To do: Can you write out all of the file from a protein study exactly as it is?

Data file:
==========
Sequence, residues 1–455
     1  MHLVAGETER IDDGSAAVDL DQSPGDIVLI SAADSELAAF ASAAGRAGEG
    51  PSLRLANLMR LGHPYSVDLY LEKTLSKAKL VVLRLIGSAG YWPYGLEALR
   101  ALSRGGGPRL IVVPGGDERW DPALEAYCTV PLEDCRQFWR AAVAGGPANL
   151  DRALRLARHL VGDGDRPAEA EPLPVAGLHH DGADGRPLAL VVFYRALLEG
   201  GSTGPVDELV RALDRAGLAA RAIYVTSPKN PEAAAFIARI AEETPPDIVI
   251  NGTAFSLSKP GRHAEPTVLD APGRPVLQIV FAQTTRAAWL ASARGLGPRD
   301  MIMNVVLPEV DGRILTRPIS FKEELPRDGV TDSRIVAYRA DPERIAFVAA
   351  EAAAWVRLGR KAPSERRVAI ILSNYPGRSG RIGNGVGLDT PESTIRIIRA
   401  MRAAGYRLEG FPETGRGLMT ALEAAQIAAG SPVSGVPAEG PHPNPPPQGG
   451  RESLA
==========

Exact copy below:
Sequence, residues 1–455
     1  MHLVAGETER IDDGSAAVDL DQSPGDIVLI SAADSELAAF ASAAGRAGEG
    51  PSLRLANLMR LGHPYSVDLY LEKTLSKAKL VVLRLIGSAG YWPYGLEALR
   101  ALSRGGGPRL IVVPGGDERW DPALEAYCTV PLEDCRQFWR AAVAGGPANL
   151  DRALRLARHL VGDGDRPAEA EPLPVAGLHH DGADGRPLAL VVFYRALLEG
   201  GSTGPVDELV RALDRAGLAA RAIYVTSPKN PEAAAFIARI AEETPPDIVI
   251  NGTAFSLSKP GRHAEPTVLD APGRPVLQIV FAQTTRAAWL ASARGLGPRD
   301  MIMNVVLPEV DGRILTRPIS FKEELPRDGV TDSRIVAYRA DPERIAFVAA
   351  EAAAWVRLGR KAPSERRVAI ILSNYPGRSG RIGNGVGLDT PESTIRIIRA
   401  MRAAGYRLEG FPETGRGLMT ALEAAQIAAG SPVSGVPAEG PHPNPPPQGG
   451  RESLA